(i) the permit has been in force, when this Schedule commences, for a period of more than 10 years beginning on the day the permit came into force; or

   (ii) the permit will, as a result of an extension granted before this Schedule commences, remain in force for a period of more than 10 years beginning on the day the permit came into force.

(2) On and after the commencement of this Schedule, the duration of the petroleum exploration permit must not be extended again under any of the provisions the Offshore Petroleum and Greenhouse Gas Storage Act 2006 that would otherwise allow for the extension of the duration of the permit.

I did cover this in my second reading speech, but, just to make the chamber alert to what this is about: this is an amendment that seeks to place a time limit on exploration in the Great Australian Bight, basically saying that you cannot perpetually get extensions upon extensions upon extensions that stifle investment in the tourist industry and, indeed, the fishing industry, particularly on the Eyre Peninsula but right along the South Australian coastline.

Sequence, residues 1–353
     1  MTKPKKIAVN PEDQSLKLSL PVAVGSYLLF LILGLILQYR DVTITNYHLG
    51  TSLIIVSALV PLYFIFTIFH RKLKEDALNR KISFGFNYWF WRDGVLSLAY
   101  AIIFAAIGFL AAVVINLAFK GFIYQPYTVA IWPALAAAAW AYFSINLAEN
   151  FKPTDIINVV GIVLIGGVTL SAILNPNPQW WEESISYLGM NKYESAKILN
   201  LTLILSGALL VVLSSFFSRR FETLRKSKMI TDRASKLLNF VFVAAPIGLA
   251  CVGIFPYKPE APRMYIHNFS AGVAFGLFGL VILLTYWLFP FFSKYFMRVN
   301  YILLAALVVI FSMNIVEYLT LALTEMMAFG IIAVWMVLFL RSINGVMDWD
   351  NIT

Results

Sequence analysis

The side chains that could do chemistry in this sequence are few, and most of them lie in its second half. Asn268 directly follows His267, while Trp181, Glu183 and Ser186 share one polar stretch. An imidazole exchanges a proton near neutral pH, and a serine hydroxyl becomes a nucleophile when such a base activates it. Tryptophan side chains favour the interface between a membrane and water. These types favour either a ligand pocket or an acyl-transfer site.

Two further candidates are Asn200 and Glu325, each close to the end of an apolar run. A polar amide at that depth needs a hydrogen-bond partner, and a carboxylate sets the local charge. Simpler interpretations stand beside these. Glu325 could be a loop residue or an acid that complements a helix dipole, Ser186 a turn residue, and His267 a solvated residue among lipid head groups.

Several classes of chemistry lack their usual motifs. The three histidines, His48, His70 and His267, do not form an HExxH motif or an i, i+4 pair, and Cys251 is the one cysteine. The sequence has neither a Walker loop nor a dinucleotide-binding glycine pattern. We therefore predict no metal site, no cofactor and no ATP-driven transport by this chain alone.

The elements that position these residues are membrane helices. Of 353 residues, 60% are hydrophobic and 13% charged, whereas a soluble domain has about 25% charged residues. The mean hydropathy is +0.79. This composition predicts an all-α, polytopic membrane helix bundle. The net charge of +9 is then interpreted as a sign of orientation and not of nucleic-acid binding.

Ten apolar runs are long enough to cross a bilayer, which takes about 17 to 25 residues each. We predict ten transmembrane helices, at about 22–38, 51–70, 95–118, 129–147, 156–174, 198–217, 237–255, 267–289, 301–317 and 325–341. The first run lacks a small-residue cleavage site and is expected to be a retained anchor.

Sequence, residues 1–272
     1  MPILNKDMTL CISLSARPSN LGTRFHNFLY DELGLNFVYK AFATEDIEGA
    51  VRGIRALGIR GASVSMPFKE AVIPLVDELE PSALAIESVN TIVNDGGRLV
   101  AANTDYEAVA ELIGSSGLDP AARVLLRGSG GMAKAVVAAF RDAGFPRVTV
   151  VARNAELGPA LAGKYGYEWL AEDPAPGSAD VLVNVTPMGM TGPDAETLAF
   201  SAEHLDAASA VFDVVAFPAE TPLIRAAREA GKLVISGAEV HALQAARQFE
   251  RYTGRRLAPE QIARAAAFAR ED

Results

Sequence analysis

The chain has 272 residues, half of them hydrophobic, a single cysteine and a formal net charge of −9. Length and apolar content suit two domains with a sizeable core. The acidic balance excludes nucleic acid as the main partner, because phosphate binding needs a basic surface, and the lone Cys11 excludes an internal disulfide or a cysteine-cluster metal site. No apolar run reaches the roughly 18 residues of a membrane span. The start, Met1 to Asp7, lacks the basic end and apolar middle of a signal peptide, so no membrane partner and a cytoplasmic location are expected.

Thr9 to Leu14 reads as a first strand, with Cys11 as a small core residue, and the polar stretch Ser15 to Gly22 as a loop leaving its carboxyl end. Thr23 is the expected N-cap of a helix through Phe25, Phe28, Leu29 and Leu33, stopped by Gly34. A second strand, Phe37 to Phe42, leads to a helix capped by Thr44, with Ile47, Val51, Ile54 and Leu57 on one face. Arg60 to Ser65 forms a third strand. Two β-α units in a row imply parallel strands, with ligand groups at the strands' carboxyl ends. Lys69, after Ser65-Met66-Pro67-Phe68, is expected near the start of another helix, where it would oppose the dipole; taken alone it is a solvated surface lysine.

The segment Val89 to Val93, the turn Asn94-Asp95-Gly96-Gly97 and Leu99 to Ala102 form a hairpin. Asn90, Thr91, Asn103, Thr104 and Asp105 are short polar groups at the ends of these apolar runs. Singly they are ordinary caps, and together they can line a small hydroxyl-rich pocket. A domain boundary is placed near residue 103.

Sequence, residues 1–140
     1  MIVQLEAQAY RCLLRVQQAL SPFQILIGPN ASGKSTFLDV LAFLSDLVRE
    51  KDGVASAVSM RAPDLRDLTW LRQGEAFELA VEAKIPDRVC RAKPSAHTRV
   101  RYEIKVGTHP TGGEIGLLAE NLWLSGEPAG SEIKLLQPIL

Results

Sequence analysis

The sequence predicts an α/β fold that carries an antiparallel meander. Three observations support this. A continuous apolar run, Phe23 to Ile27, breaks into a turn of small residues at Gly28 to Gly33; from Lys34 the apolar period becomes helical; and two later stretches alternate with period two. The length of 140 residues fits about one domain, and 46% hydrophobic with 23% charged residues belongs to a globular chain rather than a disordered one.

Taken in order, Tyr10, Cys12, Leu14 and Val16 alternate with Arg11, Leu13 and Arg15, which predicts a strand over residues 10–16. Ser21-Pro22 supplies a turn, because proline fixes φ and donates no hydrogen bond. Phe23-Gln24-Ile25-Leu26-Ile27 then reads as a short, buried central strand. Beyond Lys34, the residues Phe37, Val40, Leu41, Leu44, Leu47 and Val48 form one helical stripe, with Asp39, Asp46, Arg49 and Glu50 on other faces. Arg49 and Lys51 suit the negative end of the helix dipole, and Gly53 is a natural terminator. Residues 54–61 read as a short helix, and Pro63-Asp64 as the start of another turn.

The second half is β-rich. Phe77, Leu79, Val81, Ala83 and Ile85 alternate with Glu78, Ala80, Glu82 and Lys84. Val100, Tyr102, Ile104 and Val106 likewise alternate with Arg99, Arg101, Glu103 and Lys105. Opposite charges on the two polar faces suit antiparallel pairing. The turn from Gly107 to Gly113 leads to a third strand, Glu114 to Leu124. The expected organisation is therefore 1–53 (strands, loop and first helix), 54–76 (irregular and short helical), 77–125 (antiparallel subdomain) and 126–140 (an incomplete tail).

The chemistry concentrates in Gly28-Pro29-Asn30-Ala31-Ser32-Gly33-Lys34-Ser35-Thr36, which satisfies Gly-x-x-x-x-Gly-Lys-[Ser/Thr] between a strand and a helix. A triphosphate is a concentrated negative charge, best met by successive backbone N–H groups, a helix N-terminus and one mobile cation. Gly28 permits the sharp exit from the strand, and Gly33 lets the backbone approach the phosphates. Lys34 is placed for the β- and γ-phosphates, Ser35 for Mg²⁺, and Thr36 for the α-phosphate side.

I make the point that I know Minister Birmingham did rise and talk about the need for energy. His position would be more palatable if, for example—and I say this with Centre Alliance quite supportive of things like gas as a transitional energy source; we're not seeking to stop things, but, at the same time, we are seeking government direction and leadership in relation to things like electric vehicles, which can reduce our dependencies on oil and gas. Nothing seems to be happening in that space. Not only do electric vehicles assist in terms of reducing reliance on oils but they also improve productivity. Electric vehicles involve less maintenance, they have fewer moving parts than regular vehicles and they don't emit poisonous gases in the same way that internal combustion engine cars do. It is the future, and most countries around the world have adopted electric vehicles. They're encouraging electric vehicles and, indeed, have placed limits upon the time frame in which it will be possible to purchase an internal combustion engine vehicle. As I move this, I just indicate to the government that there are things that they can do where there's a win-win, and unfortunately they're not showing leadership in those sorts of areas.